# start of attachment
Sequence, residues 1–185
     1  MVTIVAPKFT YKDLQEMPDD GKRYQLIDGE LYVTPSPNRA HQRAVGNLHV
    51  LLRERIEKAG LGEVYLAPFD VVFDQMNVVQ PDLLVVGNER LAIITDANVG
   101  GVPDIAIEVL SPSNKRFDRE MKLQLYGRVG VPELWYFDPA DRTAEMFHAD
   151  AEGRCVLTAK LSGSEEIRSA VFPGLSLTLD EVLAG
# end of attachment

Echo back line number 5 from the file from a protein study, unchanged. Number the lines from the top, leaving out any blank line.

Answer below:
   151  AEGRCVLTAK LSGSEEIRSA VFPGLSLTLD EVLAG